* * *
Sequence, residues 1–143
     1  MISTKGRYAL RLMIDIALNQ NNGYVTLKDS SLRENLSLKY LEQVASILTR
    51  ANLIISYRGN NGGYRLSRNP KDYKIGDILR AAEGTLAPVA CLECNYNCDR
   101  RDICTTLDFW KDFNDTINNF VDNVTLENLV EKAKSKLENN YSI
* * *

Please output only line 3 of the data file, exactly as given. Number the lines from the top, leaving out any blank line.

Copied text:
    51  ANLIISYRGN NGGYRLSRNP KDYKIGDILR AAEGTLAPVA CLECNYNCDR